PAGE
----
What to do With All This Data?

"There is no point in analyzing data you are not willing to act on."


Yesterday I was supposed to ride 80+ miles with some friends. It was designed to be a key training ride, with some long intervals thrown in to keep things honest. I made it about 15 miles before realizing I needed to pull the plug. No honest athlete likes quitting a workout, but there is a time and place when cutting a workout short makes more sense than pushing on. The technology I was wearing helped me confidently make that decision. 


Less than forty years ago, a basic Timex was the most advanced piece of technology on an athlete's body. Of course if you were a triathlete you had to own the Timex Ironman edition. It was cool for its time: waterproof, "indiglo" backlight, and had a built-in stopwatch with the ability to take lap splits. 


Training back then was simple: athletes only cared about one metric: time. Ultimately we race for time, whether it be against our prior best time, or the fastest time on the day, or for the fastest known time, and so it made sense that the quality of any given workout was based on your time for that workout. Athletes compared times and obsessed about times because it was easy to measure. 


In 1982 Polar released the first wireless heart rate monitor, and soon after athletes became obsessed about heart rate. We could now measure heart rate in real time, and compare our splits to our relative effort.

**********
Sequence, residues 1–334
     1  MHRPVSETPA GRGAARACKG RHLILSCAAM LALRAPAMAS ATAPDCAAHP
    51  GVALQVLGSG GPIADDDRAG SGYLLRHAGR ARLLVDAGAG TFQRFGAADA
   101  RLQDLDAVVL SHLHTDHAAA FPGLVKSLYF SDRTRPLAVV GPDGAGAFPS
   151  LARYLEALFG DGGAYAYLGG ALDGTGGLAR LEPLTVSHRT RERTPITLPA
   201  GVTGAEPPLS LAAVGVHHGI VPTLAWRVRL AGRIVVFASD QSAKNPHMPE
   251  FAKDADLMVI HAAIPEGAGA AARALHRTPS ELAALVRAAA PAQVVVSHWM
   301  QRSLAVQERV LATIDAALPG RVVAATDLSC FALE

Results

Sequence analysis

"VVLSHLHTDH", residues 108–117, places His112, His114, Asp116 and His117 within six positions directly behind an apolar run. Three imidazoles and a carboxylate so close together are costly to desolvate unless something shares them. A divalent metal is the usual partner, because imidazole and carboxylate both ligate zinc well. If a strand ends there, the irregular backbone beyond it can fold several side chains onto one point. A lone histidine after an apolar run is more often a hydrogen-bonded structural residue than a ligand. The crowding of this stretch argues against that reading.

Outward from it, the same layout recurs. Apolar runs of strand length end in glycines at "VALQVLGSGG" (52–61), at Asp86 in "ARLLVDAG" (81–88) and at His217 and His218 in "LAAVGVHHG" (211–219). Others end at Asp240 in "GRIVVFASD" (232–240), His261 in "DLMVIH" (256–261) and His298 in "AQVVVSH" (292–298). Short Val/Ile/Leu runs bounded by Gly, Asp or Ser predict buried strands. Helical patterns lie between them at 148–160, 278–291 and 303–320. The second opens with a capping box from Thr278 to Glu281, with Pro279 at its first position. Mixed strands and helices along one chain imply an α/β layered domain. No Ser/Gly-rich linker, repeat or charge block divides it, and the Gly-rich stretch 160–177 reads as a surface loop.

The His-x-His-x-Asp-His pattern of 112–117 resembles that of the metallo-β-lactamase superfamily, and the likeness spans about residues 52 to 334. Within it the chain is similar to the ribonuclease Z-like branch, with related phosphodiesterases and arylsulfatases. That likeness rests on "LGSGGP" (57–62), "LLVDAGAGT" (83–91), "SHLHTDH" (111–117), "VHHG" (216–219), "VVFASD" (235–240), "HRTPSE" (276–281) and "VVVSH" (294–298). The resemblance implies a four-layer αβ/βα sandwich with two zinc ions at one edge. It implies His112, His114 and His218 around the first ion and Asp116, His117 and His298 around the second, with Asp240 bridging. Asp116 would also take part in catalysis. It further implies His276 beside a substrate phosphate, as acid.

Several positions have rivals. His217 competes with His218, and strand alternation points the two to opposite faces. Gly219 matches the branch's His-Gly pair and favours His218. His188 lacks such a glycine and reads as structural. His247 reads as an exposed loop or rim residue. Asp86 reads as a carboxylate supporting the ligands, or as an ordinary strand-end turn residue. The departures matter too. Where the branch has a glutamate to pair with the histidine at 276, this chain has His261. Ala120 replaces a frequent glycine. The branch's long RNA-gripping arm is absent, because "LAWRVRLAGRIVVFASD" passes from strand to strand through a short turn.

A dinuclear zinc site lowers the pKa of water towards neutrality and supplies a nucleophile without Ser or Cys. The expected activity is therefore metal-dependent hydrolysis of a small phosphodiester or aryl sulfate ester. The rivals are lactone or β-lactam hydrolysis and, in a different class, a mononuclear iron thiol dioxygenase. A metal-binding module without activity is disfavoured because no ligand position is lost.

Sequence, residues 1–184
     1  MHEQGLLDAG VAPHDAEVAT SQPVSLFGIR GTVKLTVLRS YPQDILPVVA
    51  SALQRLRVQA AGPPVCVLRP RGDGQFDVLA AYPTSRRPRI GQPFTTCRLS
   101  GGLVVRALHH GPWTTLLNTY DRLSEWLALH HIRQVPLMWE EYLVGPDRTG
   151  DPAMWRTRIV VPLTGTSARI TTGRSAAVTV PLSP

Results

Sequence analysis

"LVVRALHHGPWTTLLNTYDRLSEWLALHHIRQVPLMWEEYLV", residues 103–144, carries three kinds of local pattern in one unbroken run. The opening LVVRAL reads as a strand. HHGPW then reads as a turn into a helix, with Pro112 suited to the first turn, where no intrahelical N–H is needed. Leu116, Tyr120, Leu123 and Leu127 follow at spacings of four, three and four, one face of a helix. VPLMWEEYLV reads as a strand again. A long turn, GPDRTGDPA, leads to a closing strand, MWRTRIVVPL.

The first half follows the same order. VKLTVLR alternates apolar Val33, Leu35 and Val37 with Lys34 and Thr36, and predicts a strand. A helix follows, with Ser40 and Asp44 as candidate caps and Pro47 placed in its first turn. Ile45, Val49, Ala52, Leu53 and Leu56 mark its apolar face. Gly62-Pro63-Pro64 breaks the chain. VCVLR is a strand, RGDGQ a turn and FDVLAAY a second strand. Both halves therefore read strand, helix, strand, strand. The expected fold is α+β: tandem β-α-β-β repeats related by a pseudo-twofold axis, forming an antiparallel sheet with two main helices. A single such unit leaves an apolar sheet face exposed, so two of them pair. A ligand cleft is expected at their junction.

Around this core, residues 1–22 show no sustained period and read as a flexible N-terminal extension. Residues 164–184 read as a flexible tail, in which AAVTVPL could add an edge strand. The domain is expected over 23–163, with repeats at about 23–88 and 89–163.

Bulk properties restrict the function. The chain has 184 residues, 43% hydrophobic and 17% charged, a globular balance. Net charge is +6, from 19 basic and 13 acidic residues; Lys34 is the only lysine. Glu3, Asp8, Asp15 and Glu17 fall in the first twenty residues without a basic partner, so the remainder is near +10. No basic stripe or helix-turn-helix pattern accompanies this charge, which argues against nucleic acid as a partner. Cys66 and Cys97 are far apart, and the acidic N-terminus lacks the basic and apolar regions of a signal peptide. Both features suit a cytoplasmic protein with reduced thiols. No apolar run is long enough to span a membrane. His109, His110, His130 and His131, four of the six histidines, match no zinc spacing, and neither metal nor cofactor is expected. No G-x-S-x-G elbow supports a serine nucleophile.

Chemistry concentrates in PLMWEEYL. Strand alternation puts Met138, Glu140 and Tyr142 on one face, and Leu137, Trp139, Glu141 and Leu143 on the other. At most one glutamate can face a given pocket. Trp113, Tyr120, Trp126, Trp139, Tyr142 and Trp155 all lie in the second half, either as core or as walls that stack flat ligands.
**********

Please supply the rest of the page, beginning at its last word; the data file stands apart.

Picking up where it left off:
In the late 1980's power meters began showing up on bicycles, and now cyclists had a new metric to obsess over and analyze. The smart cyclists noticed the correlation between power and heart rate, and changed their training and racing strategies to leverage this new data. 


It was yesterday's correlation between my heart rate and power that confirmed I needed to pull the plug on yesterday's ride. Years of training have shown me what a typical heart rate should be for any given power output. When those two numbers were well off their baseline, combined with a general "feeling off" sensation, I knew it would make more sense for me to rest and recover than to power through and hope for the best.


Quitting a workout is never a decision an athlete should make lightly. Our training is designed to build positive habits that result in optimal performance. We do not want to train ourselves to quit just because we're not feeling 100%. But being able to make an informed decision on when to pull the plug, and to do it without guilt, is an important skill an athlete must develop, and it's a decision in which today's technology can assist you. 


My best advice for those who use wearables and general athletic technology: there is no point in analyzing data you are not willing to act on. What's the point in wearing a HR monitor if you're not willing to slow down occasionally in training? There is no point in looking at your power meter data in a race if you're going to disregard your pacing strategy. Nor is there much point in tracking your sleep metrics if you're not going to change your sleep patterns, eating habits, TV watching habits, etc. The whole point of collecting and analyzing reams of information while sleeping, walking, cycling, running, etc is to take intelligent action and change your behavior in a way to positively influence your health and performance. 


I'll try the ride again next week. I'll make some changes to my rest/recovery, and see if I can do better. As cool as today's wearables and technology is, it still cannot do the single most important thing: get us out the door to put in the time, miles, and work that must be done to be successful. 


- Antonio Gonzalez



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